The gospel of vicarious atonement

Today, I received by email an earnest plea for theological help from someone with whom I have had previous correspondence regarding the doctrine of the atonement. My questioner wrote as follows: I love God with all of my being but I cannot wrap my mind around this concept [penal substitutionary atonement] as it does not make sense to me other than hearing that it satisfies Gods justice.  I know this sounds weird but I cringe … Continue reading

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How Christ’s death delivers us from fear of death (both first and second)

I think that Christ’s victory is the overarching framework within which Christ’s saving work is best viewed. (See my post, “Is there an overarching model of the atonement?”) Penal substitution was the way in which Christ delivered us from the adversary’s ability to bring a damning accusation against those who are in Christ. We were dead in our trespasses but “God made [us] alive together with [Christ],” by “cancelling “the record of the debt that … Continue reading

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Calvinist perspectives on Molinism

The Logos Reformed Blog, moderated by Jesse Myers, ran a series of 5 posts by Nathanael P. Taylor regarding Molinism. I was invited to write a response to that series and I did so, in two posts. I chose not to respond to each of Taylor’s posts separately, and I did not critique Taylor’s understanding of Molinism (the philosophical theology originated by Luis de Molina), since I am not an expert in it myself. Rather, … Continue reading

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My theological journey in regard to hell reposted at Jesus Creed

At his blog, Jesus Creed, Scot McKnight has reposted the account of my journey in understanding the nature of hell. Scot’s posts frequently generate an active comment thread, so I’m letting you know in case the conversation interests you.

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Is sanctification a duty?

Among Reformed scholars, we hear a great deal of discussion these days about the law and the gospel. Getting this right is important, but it is not as simple as it sounds. In a recent blog post, Paul Helm had some thoughts which I found helpful and I pass them on for your consideration. Helm begins his post with some astute reflections about the intentions of Andrew Fuller when he spoke about faith as a … Continue reading

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How will God finally punish unrepentant sinners? Part 2: A very helpful resource

In part 1 of this 2 part series, I told the story of my theological journey in pursuit of an answer to this important question. I now want to commend to you a book which I believe will make an invaluable contribution to the evangelical conversation about hell. This is not a critical review of Rethinking Hell, it is a recommendation. But as I walk you through the book’s contents, I will  comment occasionally. Why … Continue reading

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How will God finally punish unrepentant sinners? Part 1: My journey in quest of an answer.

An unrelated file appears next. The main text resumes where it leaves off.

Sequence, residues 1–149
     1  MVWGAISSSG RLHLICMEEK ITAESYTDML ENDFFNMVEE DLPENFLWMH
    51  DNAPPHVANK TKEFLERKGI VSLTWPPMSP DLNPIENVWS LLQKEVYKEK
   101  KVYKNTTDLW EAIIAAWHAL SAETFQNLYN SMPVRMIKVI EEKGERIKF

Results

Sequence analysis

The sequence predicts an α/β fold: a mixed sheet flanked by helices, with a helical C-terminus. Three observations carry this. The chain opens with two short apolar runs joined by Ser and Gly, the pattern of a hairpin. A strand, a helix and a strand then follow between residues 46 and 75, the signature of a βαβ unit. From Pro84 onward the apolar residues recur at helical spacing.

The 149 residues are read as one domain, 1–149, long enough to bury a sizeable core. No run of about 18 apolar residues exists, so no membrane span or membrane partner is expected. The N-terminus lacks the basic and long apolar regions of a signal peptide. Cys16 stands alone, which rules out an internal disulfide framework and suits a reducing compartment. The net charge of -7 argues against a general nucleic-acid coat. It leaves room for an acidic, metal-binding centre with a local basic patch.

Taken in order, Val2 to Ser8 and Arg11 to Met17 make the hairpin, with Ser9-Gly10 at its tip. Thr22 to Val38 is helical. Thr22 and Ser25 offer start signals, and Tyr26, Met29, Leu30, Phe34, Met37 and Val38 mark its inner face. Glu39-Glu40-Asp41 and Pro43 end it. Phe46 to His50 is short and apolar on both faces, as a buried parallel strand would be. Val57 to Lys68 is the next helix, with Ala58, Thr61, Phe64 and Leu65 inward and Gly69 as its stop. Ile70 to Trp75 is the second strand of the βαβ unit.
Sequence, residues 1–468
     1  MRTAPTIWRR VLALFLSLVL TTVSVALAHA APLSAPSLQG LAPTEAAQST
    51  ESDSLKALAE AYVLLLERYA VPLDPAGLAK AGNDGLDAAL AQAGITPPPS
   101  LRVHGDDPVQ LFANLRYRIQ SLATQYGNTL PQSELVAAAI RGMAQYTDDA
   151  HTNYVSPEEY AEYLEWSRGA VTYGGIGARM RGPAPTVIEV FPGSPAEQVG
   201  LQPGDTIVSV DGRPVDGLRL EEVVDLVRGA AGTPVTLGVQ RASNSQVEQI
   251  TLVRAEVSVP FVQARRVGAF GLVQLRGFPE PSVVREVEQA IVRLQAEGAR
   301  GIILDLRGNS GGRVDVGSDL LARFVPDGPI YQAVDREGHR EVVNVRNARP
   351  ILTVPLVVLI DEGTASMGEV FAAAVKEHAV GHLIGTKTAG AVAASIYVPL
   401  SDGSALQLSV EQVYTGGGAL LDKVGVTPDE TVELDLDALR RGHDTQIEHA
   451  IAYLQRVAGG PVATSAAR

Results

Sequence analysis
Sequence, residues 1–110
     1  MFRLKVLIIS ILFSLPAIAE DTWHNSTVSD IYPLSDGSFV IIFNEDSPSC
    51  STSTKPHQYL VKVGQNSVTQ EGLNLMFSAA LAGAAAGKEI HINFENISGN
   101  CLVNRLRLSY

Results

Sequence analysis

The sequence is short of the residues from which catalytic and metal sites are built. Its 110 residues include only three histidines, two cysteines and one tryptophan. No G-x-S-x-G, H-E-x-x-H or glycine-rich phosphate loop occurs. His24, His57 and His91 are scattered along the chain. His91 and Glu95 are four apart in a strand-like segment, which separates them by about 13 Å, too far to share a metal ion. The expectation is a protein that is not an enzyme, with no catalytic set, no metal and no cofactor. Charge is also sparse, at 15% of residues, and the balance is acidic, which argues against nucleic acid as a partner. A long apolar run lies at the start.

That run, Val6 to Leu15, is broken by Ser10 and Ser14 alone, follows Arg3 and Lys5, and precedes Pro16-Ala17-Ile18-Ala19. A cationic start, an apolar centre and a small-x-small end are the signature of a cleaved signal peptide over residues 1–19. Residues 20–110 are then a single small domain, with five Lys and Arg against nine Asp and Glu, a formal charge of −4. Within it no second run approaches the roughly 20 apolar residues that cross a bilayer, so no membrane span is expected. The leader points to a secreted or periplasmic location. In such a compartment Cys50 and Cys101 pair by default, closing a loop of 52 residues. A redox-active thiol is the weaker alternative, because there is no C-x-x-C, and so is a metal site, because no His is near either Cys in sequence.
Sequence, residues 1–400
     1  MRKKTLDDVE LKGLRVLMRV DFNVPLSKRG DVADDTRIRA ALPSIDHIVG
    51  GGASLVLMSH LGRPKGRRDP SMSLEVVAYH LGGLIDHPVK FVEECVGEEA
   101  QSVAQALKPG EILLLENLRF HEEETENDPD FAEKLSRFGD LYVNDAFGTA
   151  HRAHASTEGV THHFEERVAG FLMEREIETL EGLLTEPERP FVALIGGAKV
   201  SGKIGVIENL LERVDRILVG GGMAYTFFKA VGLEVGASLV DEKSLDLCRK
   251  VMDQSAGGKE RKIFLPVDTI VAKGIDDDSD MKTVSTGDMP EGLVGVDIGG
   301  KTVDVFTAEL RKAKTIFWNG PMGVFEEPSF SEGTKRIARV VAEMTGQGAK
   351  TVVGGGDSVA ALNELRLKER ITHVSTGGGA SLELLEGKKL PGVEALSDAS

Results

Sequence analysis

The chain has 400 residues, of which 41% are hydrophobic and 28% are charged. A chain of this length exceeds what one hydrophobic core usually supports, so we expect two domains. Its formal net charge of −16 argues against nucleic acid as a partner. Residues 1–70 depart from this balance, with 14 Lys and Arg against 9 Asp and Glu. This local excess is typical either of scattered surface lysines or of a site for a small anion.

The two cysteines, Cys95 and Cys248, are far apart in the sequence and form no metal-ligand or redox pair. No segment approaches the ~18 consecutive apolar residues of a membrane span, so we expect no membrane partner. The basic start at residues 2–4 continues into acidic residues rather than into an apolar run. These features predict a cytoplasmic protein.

I set out to write a blog post that grew rather large. So I have decided to split it into two posts, of which this is the first. Here I will relate the story of my long journey in quest of a biblical answer to that big question. In Part 2, I will recommend a book which I believe contributes very helpfully to the conversation about this issue which I believe needs to happen among … Continue reading

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What makes us lovely to God, and why do we love him?

The love of God does not find, but creates, that which is pleasing to it. The love of man comes into being through that which is pleasing to it. So wrote Martin Luther, in the last one of the 28 theses that he composed for the disputation on April 26, 1518. Those theses and their proofs became known as “The Heidelberg Disputation,” which is part of The Book of Concord, in which the confessional statements … Continue reading

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An evangelical reflects on lunch with Pope Francis

Brian Stiller is the Global Ambassador of the World Evangelical Alliance. Together with Geoff Tunnicliffe, the Secretary General of WEA, he had the opportunity recently to spend a few hours at lunch for an informal meeting with Pope Francis, at the Pope’s request. Yesterday, Brian posted his reflections on Facebook, so I take that to be a public sharing which allows for further sharing. For some decades, I have been both intrigued and pleased with … Continue reading

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A small “b” baptist perspective on the rebaptism of mature believers

Last year The Gospel Coalition ran an interesting series, in which they asked pastors and theologians why they changed their mind on baptism. Gavin Ortlund: Why I Changed My Mind About Baptism Sean Michael Lucas: Why I Changed My Mind About Baptizing Infants Liam Goligher: Why I Changed My Mind About Infant Baptism More recently, a piece by Bill Kynes, senior pastor of Cornerstore Evangelical Free Church, describes what he calls his “small ‘b’ baptist” perspective, and it … Continue reading

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